Results: Enrollment started in September 2017. As of June 2019, a total of 1216 participants were enrolled for this trial. Findings will be published in peer-reviewed journals and presented at conferences. The trial has been approved by the Ethics Review Board of the Faculty of Social and Behavioral Sciences of the University of Amsterdam (reference no.: 2017-PC-8244).

Conclusions: In this study protocol, the design of a cluster randomized controlled trial is described, which assesses how effectively the school-based intervention InCharge stimulates healthier lifestyles in late adolescents. We hypothesize that participants in the experimental condition will consume less alcohol, eat fewer unhealthy snacks, and be more physically active compared with participants in the control condition.

Trial registration: Netherlands Trial Register (NL6654); https://www.trialregister.nl/trial/6654.

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Mesman, M., Hendriks, H., & van den Putte, B. (2020). How viewing alcohol posts of friends on social networking sites influences predictors of alcohol use. Journal of Health Communication, 25(6), 522-529.


Young adults are frequently exposed to alcohol posts from their friends on social networking sites, and little research has investigated the influences of these posts on alcohol use. Therefore, this study investigated how exposure to alcohol posts influenced determinants of alcohol use, and whether alcohol posts of close friends influenced these determinants more strongly compared to alcohol posts of distant friends. Students from Dutch universities (N = 210) participated in an experiment with a 2 (post condition: alcohol or neutral) x 2 (friend condition: close or distant) between-subjects design. Participants that were exposed to alcohol posts reported higher intention to use alcohol, F(1, 204) = 4.32, p =.039, willingness to use alcohol, F(1, 204) = 8.15, p =.005, and more positive affective attitudes about alcohol, F(1, 204) = 5.84, p =.017, than participants that were exposed to neutral posts. Additionally, participants who viewed alcohol posts of close friends reported more positive affective attitudes about alcohol compared to participants who viewed alcohol posts of distant friends, F(1, 204) = 5.15, p =.024. Developers of health interventions could use these findings to raise awareness about the unhealthy influences of alcohol posts on determinants of young adults’ alcohol use.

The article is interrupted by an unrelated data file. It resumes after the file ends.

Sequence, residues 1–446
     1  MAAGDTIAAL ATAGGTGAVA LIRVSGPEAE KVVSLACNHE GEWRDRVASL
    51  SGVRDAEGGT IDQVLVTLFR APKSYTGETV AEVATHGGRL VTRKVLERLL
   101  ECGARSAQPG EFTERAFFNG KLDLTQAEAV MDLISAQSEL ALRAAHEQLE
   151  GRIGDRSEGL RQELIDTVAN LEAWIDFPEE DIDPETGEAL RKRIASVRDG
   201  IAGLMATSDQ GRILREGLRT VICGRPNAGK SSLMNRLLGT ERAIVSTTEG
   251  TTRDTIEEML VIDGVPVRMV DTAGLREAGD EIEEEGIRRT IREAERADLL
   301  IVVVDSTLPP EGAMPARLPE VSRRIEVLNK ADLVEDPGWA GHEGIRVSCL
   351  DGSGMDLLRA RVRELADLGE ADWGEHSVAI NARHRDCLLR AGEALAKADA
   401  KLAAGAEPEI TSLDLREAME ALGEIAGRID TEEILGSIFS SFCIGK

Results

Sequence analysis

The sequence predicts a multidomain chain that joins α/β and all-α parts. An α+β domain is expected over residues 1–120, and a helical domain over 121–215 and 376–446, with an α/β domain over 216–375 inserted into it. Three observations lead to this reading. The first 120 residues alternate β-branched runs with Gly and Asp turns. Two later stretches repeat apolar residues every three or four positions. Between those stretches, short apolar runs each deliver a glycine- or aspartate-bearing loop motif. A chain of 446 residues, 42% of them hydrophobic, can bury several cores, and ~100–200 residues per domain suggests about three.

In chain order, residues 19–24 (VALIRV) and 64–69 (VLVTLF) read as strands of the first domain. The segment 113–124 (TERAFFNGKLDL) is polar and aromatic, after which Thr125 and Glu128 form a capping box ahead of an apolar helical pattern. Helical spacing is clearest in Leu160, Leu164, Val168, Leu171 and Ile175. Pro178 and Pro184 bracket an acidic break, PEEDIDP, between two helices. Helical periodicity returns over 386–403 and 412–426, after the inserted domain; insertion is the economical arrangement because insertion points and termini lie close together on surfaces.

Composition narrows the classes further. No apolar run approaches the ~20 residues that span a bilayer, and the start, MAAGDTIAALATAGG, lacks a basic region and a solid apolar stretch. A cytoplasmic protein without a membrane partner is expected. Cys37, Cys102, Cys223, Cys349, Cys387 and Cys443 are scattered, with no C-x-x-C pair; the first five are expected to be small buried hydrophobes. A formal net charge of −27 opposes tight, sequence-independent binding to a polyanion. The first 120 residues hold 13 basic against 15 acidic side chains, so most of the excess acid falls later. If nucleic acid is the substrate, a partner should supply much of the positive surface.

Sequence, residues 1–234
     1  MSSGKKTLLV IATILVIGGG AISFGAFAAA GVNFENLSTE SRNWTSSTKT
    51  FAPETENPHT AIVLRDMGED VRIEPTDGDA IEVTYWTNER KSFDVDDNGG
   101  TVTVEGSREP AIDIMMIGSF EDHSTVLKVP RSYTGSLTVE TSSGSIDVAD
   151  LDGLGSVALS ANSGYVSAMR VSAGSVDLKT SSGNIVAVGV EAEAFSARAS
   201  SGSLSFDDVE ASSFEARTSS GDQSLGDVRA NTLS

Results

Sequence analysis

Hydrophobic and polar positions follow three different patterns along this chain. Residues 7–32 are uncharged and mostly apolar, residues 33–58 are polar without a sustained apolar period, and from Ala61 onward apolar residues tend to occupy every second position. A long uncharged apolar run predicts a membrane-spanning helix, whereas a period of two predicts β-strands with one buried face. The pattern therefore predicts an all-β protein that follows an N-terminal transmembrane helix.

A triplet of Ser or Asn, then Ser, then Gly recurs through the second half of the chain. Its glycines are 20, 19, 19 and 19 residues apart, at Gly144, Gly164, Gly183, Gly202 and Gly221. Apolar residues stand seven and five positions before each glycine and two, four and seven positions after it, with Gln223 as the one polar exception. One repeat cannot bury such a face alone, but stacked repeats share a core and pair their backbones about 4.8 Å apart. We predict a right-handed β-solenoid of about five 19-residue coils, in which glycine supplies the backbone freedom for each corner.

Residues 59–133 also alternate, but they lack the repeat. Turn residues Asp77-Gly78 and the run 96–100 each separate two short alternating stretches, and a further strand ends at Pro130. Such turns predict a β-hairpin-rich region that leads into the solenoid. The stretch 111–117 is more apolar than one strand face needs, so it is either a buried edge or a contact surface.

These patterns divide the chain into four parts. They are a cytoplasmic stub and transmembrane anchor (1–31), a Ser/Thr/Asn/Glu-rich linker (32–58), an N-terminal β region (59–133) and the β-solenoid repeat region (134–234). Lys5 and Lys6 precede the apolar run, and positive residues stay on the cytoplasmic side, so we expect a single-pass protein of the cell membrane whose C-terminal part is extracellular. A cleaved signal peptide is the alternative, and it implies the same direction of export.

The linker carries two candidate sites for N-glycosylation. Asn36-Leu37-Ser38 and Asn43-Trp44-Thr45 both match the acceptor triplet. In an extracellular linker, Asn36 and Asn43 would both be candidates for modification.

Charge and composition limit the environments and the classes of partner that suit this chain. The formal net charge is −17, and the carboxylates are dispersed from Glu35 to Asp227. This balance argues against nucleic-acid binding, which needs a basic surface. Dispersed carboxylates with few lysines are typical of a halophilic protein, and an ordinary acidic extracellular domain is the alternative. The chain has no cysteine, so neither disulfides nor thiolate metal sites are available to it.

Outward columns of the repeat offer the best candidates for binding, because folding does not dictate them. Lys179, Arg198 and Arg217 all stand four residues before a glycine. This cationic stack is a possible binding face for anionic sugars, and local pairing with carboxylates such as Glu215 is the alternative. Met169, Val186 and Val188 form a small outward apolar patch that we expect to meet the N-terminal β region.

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dr. Mathijs Mesman

Name: Mathijs Mesman
PhD: Obtained in 2021, University of Amsterdam
Promotor(s): prof. dr. Bas van den Putte, dr. Hanneke Hendriks, and dr. Simone Onrust
Msc: Social and organizational Psychology, 2017, Leiden University
Interests: Health communication, interpersonal communication, risk behaviour
Research: The aim of the PhD project is to understand how the effects of health interventions are mediated or moderated by interpersonal communication. To this end, we examine how teachers communicate about the health intervention with students, how students communicate with classmates and respond to the communication of their teacher, and how the effects of the health intervention depend on interpersonal communication by teachers and students. Another aim of the project is to improve the health intervention based on the knowledge of content of interpersonal communication.